In the U.S., it’s a challenge with the distance, but Alessandro’s on the ground there and he really has gone above and beyond with all the work that he’s put into the show.

Alessandro Acquaderni: Thanks Chris, but in the end, it’s always a team effort and I wouldn’t do this if I didn’t feel the full support of the FEIBP and the ABMA. But I agree with you, the relationship between the two has never been as strong as it is now. Also, we are working on a path in FEIBP. We call this path, “No Man Is an Island” from the perspective of the leader of the company and also the federation. So the active goal is to work together as a European federation and an American association.

That brings up a good point. I am not sure if Interbrush had this, but will the event be an exhibition only or will there be educational sessions, programs and keynote speakers?

Alessandro Acquaderni: Historically, it was “only a show” even if I wouldn’t define it as “only” because it’s the meeting point of the world brush industry every four years. So it was very packed with meeting opportunities without the need of building anything around it. But now we are organizing something during the days of the show. On the first day, Wednesday, we will have a brief inauguration. On that evening, we will have a closing party offered by FEIBP, ABMA and BolognaFiere.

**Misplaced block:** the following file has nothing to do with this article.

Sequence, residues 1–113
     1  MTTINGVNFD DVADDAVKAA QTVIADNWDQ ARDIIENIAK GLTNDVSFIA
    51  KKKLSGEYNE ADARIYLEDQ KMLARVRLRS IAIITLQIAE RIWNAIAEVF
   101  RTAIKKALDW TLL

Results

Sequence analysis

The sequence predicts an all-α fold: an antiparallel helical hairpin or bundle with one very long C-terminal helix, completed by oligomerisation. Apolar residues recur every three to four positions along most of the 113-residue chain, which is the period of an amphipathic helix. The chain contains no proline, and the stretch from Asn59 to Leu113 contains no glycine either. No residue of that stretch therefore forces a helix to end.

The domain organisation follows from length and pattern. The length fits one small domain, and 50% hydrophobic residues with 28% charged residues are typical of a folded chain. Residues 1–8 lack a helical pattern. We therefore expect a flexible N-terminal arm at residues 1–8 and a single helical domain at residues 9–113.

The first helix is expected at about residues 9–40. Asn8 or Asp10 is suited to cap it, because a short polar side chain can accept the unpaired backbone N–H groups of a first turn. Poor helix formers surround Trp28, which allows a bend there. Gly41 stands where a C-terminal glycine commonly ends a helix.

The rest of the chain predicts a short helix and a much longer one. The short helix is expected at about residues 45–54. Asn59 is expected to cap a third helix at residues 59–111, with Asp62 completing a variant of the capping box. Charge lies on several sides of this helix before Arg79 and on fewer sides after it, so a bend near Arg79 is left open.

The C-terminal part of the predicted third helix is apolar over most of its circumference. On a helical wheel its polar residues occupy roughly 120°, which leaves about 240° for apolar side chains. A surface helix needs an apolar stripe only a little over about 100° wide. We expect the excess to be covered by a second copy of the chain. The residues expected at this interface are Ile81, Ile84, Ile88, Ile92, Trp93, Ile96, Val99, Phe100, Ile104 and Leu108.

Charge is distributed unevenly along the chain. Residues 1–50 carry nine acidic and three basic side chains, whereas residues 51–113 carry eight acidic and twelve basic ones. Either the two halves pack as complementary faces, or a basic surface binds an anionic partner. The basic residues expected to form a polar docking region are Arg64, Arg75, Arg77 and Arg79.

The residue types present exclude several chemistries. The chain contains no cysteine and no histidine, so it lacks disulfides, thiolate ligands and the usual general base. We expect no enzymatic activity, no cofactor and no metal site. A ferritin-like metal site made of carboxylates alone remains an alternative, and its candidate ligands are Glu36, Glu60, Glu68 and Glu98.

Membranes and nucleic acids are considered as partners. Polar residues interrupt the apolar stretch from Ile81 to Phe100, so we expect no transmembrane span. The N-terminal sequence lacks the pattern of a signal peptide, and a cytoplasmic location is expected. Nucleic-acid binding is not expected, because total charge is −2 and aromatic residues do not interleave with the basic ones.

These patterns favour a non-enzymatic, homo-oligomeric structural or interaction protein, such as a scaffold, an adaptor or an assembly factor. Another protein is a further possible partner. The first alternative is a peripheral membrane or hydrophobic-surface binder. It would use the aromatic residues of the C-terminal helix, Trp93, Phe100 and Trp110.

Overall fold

FEIBP President Alessandro Acquaderni (SIT Brush)

We will allow exhibitors to have private events on Thursday between lunch and dinner. From Friday on, we are still organizing, but we are planning an experience to allow visitors and exhibitors to leave and have an experience around Bologna. That will be around the Bologna known as the Motor Valley and Bologna, known as a Food Valley as you can read on the World Brush Expo website. So we will offer the visitors of Bologna an opportunity to have this experience. In the next month, we will disclose the details, but what I’m recommending right now is to book your flights back from Monday on.

Marco Momoli: Just to let you know, the weekend before the show, in Imola, there will be the Formula 1 grand prix. If someone is willing to come three days before, they can attend the Formula 1 Grand Prix just 15 kilometers away from Bologna. It’s within 20 minutes by car.